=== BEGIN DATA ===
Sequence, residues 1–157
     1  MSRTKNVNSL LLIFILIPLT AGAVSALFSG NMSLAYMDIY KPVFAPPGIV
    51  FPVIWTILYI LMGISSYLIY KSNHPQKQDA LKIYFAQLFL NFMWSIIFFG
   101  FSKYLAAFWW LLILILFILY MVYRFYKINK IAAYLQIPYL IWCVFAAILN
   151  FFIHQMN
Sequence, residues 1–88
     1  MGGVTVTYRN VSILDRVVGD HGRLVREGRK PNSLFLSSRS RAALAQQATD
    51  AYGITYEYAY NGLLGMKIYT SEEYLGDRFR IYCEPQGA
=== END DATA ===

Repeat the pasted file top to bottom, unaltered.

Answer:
Sequence, residues 1–157
     1  MSRTKNVNSL LLIFILIPLT AGAVSALFSG NMSLAYMDIY KPVFAPPGIV
    51  FPVIWTILYI LMGISSYLIY KSNHPQKQDA LKIYFAQLFL NFMWSIIFFG
   101  FSKYLAAFWW LLILILFILY MVYRFYKINK IAAYLQIPYL IWCVFAAILN
   151  FFIHQMN
Sequence, residues 1–88
     1  MGGVTVTYRN VSILDRVVGD HGRLVREGRK PNSLFLSSRS RAALAQQATD
    51  AYGITYEYAY NGLLGMKIYT SEEYLGDRFR IYCEPQGA